Every year, the US Social Security Administration releases their Top 1000 lists – the most popular names given to newborn girls and boys in the prior calendar year.
The May 7, 2021 update includes data on births from January 1st through December 31st of 2020.
And every single time, some names leave the rankings. That opens up space for newcomers.
All sorts of influences push names in – and out – of favor. Style and sound, pop culture, current events. There’s no shortage of mysteries, either, names that bubble up, coming into greater use for reasons that seem elusive.
Some of those names are brand new to the list, never before seen. (Think Wrenley.) Some are back on the charts after a long absence. (A warm welcome back to Loretta.) And some fall somewhere in between, teetering on the edge of the Top 1000 in recent years, either on their way up or out – and it can be tough to tell which is which.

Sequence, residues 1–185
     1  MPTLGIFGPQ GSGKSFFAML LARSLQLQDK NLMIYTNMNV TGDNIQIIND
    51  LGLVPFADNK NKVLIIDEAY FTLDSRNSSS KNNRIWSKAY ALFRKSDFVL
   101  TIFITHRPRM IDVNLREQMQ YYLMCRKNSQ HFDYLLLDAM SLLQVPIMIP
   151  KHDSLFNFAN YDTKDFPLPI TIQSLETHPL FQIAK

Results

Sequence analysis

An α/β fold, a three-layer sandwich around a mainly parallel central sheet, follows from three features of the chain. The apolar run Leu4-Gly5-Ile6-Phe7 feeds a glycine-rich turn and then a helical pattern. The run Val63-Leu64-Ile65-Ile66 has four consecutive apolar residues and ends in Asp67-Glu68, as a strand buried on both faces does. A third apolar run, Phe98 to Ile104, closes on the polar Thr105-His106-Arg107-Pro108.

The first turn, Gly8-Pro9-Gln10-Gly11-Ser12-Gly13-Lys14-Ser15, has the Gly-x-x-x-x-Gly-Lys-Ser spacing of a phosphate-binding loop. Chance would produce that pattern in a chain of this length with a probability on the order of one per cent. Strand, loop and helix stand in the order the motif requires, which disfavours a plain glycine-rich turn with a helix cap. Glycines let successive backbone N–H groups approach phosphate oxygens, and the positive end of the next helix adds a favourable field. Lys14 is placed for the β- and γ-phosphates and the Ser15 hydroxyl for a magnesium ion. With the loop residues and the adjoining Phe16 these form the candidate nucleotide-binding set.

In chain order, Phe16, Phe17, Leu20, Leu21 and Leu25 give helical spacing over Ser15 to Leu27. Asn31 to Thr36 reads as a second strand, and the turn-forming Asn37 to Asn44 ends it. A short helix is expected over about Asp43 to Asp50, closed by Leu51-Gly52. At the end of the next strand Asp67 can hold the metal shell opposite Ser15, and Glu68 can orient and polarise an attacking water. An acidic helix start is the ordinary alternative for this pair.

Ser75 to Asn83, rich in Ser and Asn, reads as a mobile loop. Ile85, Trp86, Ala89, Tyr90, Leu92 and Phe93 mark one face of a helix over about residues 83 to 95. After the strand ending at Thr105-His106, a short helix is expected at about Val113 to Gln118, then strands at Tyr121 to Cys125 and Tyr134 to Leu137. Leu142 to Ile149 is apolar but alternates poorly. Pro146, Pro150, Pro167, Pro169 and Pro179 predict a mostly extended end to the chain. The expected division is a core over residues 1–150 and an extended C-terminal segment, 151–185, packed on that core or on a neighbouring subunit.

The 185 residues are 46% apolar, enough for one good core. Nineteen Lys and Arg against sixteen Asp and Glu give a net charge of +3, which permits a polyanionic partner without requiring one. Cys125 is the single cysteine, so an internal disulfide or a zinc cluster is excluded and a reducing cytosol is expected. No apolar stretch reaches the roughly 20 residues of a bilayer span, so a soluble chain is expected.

This time around, we count 47 new girl names 2021, a mix of all of the above.
- Last year’s list included 40 new names.
- In 2019, the new data revealed 50 newcomers.
- The list published in 2018 gave us 43 new girl names.
- In 2017, 45 girls’ names ranked in the US Top 1000 that did not appear in the prior year.
- The list published in 2016 included 47 new names
- In May 2015, that number was 38.
- For 2014, it stood at 45.
That’s just about 44 new names, on average, every year. (The boys’ list averages out at 42.)
NEW GIRL NAMES 2021
We love Aria and Arya. This is a spelling that might make it less Game of Thrones and more Indian heritage pick.
An Irish import that only takes a little bit of thinking to pronounce correctly – it’s closer to Ashlyn and Ashlynn, names that also appear in the current US Top 1000.
A Spanish language name associated with the Virgin Mary. It means “altar of the sky.”
Goddess of the hunt, Artemis is a name that fits right in with so many mythological favorites, like Calliope and Iris.
A re-spelling of popular tree name and place name Aspen.
An elusive name that looks a little like Ava and something like Aaliyah, too.
From a French surname meaning “beautiful friend,” sci fi series The 100 gave this name to a male character. It feels like an obvious unisex choice, though.